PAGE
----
"Attached to tympan, adjusted to position, teeth forced down and tongue over margin"

Sometimes - and particularly when doing a longer run - or feeding a heavy card stock which may tend to force the pin from it's locked position, press operators will drip a few drops of sealing wax onto the pin - to fasten it more securely to the tympan sheet.

Of particular interest in this advertisement are:
  1. The Spring Tongue Gauge pin at top center. These are the most common style pins in use and have been the flagship product of Mr. Megill's line for many years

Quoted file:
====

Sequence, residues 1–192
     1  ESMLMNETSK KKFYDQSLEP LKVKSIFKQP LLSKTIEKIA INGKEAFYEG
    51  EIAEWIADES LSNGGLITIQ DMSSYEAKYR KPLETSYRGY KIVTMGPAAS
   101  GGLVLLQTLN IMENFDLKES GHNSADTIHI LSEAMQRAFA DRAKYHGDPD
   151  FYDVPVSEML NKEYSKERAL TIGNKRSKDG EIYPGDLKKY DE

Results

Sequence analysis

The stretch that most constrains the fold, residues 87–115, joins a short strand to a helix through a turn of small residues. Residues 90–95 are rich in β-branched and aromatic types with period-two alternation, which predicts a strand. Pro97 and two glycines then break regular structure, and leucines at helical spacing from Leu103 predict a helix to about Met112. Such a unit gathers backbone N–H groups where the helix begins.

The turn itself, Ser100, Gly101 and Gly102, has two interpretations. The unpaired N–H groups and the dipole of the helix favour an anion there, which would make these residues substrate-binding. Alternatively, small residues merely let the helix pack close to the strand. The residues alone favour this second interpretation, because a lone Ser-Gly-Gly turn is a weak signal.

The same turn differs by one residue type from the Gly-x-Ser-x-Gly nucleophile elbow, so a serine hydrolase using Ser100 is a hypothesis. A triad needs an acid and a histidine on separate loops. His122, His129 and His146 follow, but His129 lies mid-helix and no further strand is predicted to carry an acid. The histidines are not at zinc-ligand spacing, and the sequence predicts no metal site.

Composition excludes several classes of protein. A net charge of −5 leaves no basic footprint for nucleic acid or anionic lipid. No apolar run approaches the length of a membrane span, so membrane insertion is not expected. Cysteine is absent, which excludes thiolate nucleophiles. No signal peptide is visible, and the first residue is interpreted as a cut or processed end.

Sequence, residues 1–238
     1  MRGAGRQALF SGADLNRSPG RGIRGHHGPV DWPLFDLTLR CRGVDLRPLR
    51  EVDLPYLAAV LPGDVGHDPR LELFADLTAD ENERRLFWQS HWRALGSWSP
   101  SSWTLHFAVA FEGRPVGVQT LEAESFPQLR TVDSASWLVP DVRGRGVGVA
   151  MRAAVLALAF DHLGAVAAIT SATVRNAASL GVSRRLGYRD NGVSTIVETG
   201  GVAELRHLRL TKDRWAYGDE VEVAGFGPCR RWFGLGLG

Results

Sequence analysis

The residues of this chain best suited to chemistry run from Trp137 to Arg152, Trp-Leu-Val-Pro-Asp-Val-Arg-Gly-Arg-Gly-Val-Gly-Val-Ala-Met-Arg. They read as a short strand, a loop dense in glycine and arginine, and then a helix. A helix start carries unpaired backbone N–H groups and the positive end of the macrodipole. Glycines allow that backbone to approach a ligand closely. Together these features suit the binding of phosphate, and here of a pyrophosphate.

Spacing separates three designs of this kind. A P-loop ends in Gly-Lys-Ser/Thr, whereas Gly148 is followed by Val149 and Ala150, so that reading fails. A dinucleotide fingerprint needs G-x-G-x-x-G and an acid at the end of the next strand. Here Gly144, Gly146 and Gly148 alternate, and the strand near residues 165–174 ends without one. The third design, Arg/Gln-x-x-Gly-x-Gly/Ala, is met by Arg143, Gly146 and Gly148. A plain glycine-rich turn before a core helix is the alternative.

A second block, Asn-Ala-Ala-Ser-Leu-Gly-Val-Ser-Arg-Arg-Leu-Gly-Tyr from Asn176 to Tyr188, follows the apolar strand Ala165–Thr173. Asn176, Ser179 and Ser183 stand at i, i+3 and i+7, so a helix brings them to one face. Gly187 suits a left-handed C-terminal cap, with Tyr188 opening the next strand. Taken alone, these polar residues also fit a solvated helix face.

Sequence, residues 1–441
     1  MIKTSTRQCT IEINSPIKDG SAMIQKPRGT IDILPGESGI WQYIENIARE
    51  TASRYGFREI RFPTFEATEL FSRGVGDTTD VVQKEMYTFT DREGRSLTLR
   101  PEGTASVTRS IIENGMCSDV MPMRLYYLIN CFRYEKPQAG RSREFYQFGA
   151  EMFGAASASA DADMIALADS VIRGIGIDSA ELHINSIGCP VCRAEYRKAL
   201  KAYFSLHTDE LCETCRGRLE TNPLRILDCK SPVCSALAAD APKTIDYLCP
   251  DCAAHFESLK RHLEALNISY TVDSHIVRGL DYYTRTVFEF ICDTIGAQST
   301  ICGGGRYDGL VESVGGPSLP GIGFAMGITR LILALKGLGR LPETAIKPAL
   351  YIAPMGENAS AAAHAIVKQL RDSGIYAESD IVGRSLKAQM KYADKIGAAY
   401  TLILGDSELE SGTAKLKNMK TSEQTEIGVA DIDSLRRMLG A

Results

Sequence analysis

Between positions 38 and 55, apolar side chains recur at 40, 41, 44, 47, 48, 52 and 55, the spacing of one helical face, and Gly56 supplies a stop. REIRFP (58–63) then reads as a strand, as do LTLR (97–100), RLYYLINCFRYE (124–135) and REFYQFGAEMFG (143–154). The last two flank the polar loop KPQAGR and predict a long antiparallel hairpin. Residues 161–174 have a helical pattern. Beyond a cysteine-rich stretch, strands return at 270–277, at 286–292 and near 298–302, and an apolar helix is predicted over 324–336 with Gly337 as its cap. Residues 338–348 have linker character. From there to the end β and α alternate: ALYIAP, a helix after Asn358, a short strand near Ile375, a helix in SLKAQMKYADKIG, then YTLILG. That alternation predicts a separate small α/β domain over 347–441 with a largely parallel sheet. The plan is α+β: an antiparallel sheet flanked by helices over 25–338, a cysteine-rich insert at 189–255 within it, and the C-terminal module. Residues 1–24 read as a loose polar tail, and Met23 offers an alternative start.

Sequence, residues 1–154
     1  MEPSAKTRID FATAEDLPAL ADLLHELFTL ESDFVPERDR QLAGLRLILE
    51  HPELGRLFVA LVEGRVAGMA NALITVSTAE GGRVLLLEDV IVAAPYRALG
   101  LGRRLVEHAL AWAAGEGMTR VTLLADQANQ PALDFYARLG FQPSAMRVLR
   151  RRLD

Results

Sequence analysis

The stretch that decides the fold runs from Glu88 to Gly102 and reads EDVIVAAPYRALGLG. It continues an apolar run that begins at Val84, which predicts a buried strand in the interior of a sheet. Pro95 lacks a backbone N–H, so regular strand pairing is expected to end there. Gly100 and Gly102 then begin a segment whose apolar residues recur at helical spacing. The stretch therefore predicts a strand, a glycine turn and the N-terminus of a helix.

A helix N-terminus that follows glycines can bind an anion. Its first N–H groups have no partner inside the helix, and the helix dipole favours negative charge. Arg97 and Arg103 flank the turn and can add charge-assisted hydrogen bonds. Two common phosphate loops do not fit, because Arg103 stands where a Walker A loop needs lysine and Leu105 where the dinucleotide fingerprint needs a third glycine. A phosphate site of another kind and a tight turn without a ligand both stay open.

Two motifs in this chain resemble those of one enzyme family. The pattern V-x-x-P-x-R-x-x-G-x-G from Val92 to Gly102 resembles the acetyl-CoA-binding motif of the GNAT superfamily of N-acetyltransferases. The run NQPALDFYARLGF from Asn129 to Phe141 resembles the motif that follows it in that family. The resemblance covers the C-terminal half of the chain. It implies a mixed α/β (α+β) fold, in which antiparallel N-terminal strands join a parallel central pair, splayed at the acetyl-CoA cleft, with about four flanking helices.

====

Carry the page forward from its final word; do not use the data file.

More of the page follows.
2. The Extension Feed Guides  in the top left of the illustrations. These allow the pressman to actually feed stock below the lower edge of the platen. The extension feed guides are clamped under the lower tympan bale and allow the pressman to feed the sheet extended below the bottom edge of the platen.
  3. The Flexible Guides - shown in the bottom right are most useful when used - as recommended - as the left guide - and particularly if the pin must be set beneath the left paper gripper arm or along the non-image area of an engraving or plate base which would crush a normal gauge pin of any style.

                                  Advertising Flier for Megill's Gauge

Megill Gauge Pin label

While perhaps not the easiest or best style gauge pin to use, there is no question that Megill's patented Spring Tongue Gauge Pins have been and still are - for well over one hundred years - the most common gauge pins in use throughout the United States.